Depending on the divination method (yarrow stalks, coins or electronic oracle as we use it on no2DO), different numerical values result for each individual “throw”:
- no2DO oracle (electronic): 7 or 8
- coins or yarrow stalks: 6 or 7 or 8 or 9
The values 6 and 9 are regarded as changing lines, i.e. they change into their respective opposite: 6 (Yin) becomes 7 (Yang), 9 (Yang) becomes 8 (Yin). This transforms the original hexagram into another one of the 64 hexagrams. (More explanations and an example can be found here).
I regularly receive requests if or why not I do consider the changing lines of the I Ching’s hexagrams in no2DO. My perspective on this issue is as follows: My opinion, working with the I Ching means first of all to thoroughly understand the (original) hexagram. This takes time and effort. However, I consider this step essential and an effort worth taking. For this reason I have expanded the individual hexagrams’ interpretation pages step by step and thus given the users a variety of material at hand.
Without tools or if someone shies away from this effort, it is actually tempting to quickly turn to the changing lines. This is, for example, often the case when solely working with the original texts. Let’s be honest: “Perseverance furthers!” does not say much. It is natural to turn to the changing lines in search of more “meat”. Unfortunately, the texts offered in the changing-lines-section are equally cryptic and bring enlightenment only in few cases. An explanation for this could be that the original texts possibly contain political messages from the times of the texts’ origins. Dominique Hertzer investigated this phenomenon in her book “Das Mawangdui- Yijing”.
However, if you still want to consider the changing lines, I’d offer following advice: The changing lines result in a further, a second hexagram. Once you have worked extensively with the first hexagram, you could then do the same with the second hexagram.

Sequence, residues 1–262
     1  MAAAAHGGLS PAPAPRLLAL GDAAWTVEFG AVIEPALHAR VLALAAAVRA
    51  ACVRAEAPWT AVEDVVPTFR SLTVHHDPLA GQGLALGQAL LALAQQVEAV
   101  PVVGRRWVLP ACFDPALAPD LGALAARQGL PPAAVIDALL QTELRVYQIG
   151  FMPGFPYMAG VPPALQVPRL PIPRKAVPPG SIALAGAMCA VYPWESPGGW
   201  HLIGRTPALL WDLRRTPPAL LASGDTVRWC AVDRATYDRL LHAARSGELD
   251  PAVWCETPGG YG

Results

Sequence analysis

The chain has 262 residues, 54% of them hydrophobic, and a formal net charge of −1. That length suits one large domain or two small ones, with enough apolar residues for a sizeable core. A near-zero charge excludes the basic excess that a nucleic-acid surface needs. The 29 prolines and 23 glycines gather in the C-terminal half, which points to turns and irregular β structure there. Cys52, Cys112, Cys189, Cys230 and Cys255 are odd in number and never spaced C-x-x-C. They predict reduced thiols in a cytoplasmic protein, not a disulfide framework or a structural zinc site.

Order, connection, pooling, similarity, symmetry
Usually three coin are used for divination. 3 is assigned as a value to the front of each coin, the 2 to the back. By tossing coins, the total value is 6, 7, 8 or 9, with 6 and 8 representing a broken line (yin) and 7 and 9 representing a solid line (yang). This process is repeated six times until the hexagram is complete.
The values 6 and 9 are regarded as changing lines, i.e. they change into their respective opposite: 6 (Yin) becomes 7 (Yang), 9 (Yang) becomes 8 (Yin). This transforms the original hexagram into another of the 64 hexagrams.
Read more: https://en.wikipedia.org/wiki/I_Ching_divination#Three-coin_method
The philosophy of Confucius. Emphasizes personal and governmental morality, correctness of social relationships, justice, kindness, and sincerity. Confucianism, along with Buddhism and Daoism, has shaped Chinese culture and society for many centuries and influences everyday life in China, Japan, Korea, Singapore, Vietnam and Taiwan.
Read more: https://en.wikipedia.org/wiki/Confucianism
Chinese philosopher and politician, ca. 551 BC–479 BC. His philosophy, also known as Confucianism, emphasizes personal and governmental morality, correctness of social relationships, justice, kindness, and sincerity.
Read more: https://en.wikipedia.org/wiki/Confucius
Lines 2, 3 and 4 form a hexagram’s first core character, line 3, 4 and 5 its second core character. Both core characters highlight the hexagram’s internal dynamics by showing how the two trigrams are linked together and interact.
Cross the great water. Central notion of the traditional interpretation of the I Ching. Meaning: to finish the old (and take final leave of it) and to address the new.